Why Logos Don’t (Always) Matter As Much As You Think

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A few days ago I got subcontracted for a branding project. Being the brand designer that I am, the project sounded like an easy feat. But my contractors felt that the logos I was producing for their client were not “on par”, even though they clearly and simply communicated what the company stood for, and even after I provided examples of possible real-life usage. All of that got me thinking:

Why would a logo alone MATTER? More precisely, why would it matter how simple or complicated the logo is?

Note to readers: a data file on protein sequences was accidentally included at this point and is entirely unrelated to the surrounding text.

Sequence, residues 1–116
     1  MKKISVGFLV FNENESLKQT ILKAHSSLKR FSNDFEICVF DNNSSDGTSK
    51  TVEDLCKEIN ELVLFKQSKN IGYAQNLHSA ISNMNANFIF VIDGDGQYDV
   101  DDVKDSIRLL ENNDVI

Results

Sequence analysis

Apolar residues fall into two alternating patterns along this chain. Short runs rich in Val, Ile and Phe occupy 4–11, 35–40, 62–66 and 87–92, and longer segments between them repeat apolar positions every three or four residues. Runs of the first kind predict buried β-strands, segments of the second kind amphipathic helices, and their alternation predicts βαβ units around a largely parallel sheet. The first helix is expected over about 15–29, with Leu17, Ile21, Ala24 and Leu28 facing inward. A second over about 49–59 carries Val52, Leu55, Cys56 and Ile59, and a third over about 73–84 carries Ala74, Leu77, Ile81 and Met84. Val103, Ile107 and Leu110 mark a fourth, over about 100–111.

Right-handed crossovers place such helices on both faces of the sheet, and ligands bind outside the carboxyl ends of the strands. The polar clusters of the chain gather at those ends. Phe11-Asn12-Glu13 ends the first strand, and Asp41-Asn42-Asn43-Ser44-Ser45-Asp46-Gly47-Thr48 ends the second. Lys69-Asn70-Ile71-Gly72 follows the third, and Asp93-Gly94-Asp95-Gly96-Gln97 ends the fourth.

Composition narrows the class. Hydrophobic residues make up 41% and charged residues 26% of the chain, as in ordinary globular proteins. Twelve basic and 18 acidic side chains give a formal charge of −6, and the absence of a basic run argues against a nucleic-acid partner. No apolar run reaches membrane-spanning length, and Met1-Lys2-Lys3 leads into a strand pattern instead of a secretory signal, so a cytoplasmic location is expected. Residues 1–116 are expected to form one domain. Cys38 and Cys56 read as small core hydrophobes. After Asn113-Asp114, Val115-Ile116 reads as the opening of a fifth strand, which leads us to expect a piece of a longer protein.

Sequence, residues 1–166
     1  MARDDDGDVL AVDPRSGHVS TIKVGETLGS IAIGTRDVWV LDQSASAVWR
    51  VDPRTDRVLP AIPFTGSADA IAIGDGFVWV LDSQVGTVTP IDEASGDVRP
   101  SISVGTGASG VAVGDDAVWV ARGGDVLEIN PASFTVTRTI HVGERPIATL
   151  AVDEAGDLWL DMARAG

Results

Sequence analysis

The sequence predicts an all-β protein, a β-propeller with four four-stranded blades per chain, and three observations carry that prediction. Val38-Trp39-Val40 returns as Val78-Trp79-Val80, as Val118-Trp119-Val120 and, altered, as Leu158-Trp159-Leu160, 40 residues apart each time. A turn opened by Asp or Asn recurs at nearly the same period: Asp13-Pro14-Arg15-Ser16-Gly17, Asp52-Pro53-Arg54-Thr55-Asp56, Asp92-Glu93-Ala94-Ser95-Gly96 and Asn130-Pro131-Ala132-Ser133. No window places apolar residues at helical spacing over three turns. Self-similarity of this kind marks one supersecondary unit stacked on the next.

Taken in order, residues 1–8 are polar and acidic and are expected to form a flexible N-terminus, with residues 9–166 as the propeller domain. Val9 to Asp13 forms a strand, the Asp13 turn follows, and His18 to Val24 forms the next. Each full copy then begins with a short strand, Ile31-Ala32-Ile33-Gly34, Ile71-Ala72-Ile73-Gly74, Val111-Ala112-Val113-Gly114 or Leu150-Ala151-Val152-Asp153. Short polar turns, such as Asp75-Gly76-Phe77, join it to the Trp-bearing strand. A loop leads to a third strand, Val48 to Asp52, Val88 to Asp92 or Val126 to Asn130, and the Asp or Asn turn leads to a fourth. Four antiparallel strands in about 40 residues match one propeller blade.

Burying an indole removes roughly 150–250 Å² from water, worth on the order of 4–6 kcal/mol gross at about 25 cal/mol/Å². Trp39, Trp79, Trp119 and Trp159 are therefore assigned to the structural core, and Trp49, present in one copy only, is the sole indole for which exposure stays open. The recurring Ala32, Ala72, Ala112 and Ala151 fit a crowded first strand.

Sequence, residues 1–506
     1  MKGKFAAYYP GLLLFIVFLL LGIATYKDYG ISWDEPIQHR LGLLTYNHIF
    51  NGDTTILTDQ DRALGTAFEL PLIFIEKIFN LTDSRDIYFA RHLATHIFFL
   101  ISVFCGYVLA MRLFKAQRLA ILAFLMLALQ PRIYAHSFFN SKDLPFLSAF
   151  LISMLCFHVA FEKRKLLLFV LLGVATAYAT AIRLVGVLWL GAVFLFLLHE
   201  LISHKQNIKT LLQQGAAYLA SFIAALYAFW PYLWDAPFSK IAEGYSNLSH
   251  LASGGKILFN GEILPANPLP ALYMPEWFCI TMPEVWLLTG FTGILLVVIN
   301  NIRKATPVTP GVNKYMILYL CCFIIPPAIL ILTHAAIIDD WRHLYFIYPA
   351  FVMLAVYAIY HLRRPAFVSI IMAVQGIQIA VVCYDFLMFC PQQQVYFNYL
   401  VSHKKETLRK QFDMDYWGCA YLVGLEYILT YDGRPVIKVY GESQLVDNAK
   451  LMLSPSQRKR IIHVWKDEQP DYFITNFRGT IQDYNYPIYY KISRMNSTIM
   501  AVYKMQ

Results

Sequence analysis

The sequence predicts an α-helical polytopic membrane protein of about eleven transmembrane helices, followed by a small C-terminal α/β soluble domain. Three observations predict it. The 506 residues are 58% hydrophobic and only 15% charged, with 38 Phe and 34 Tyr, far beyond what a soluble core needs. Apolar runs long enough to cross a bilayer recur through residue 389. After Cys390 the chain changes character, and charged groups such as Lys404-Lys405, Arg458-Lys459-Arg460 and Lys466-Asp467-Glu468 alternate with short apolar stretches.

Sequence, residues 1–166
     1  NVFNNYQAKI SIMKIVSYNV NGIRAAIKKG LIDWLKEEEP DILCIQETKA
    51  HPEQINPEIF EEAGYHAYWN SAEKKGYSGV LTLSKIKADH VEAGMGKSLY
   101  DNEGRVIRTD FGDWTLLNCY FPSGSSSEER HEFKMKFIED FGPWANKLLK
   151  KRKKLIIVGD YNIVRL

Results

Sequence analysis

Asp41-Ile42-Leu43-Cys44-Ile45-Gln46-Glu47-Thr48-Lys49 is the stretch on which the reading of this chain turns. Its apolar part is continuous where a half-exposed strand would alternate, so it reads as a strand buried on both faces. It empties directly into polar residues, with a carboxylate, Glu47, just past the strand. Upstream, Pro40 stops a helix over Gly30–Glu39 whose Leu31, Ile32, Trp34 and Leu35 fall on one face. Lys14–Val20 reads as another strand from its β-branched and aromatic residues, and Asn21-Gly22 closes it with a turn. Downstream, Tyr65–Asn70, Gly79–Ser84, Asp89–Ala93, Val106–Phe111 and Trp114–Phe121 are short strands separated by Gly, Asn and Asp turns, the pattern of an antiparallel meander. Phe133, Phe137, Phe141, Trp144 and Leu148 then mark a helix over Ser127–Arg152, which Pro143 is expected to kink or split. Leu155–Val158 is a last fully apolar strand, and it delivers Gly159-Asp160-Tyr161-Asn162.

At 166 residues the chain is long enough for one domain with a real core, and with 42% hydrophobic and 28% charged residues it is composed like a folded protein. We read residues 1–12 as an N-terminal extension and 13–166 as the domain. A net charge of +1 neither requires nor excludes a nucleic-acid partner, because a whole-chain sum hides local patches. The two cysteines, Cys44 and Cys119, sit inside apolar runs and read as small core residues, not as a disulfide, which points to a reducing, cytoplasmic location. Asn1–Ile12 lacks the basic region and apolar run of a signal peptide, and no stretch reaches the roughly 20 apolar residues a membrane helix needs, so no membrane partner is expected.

For example, my own logo is literally just two letters which are underlined, and it probably took me half an hour to design just the mark.

But it works.

Why does it work? Because I’ve built a narrative around it.

I went out of my way to contextualize it, to apply it onto different mediums, and acquaint the public with the brand.

I put it into slogans. I made intros with it. I used it in thumbnails.

And that is how you build a brand experience. The two letters on their own don’t mean much, besides the fundamental meaning of a letter.

But by putting them into context, building an appropriate mood around them, a certain attitude, and a consistent language, you manage to breathe in meaning into an otherwise meaningless jumble of letters or symbols.